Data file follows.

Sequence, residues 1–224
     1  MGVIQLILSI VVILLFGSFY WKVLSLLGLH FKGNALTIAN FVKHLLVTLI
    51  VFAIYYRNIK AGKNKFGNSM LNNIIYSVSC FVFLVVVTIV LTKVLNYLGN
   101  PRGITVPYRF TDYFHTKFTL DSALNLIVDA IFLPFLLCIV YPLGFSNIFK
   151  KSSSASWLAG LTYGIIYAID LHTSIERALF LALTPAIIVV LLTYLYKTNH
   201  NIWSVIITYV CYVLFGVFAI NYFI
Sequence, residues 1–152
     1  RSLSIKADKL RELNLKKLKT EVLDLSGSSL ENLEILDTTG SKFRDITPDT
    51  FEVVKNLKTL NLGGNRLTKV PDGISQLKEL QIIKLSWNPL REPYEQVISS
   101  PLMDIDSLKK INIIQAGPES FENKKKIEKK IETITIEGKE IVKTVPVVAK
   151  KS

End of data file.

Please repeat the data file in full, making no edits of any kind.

Sequence, residues 1–224
     1  MGVIQLILSI VVILLFGSFY WKVLSLLGLH FKGNALTIAN FVKHLLVTLI
    51  VFAIYYRNIK AGKNKFGNSM LNNIIYSVSC FVFLVVVTIV LTKVLNYLGN
   101  PRGITVPYRF TDYFHTKFTL DSALNLIVDA IFLPFLLCIV YPLGFSNIFK
   151  KSSSASWLAG LTYGIIYAID LHTSIERALF LALTPAIIVV LLTYLYKTNH
   201  NIWSVIITYV CYVLFGVFAI NYFI
Sequence, residues 1–152
     1  RSLSIKADKL RELNLKKLKT EVLDLSGSSL ENLEILDTTG SKFRDITPDT
    51  FEVVKNLKTL NLGGNRLTKV PDGISQLKEL QIIKLSWNPL REPYEQVISS
   101  PLMDIDSLKK INIIQAGPES FENKKKIEKK IETITIEGKE IVKTVPVVAK
   151  KS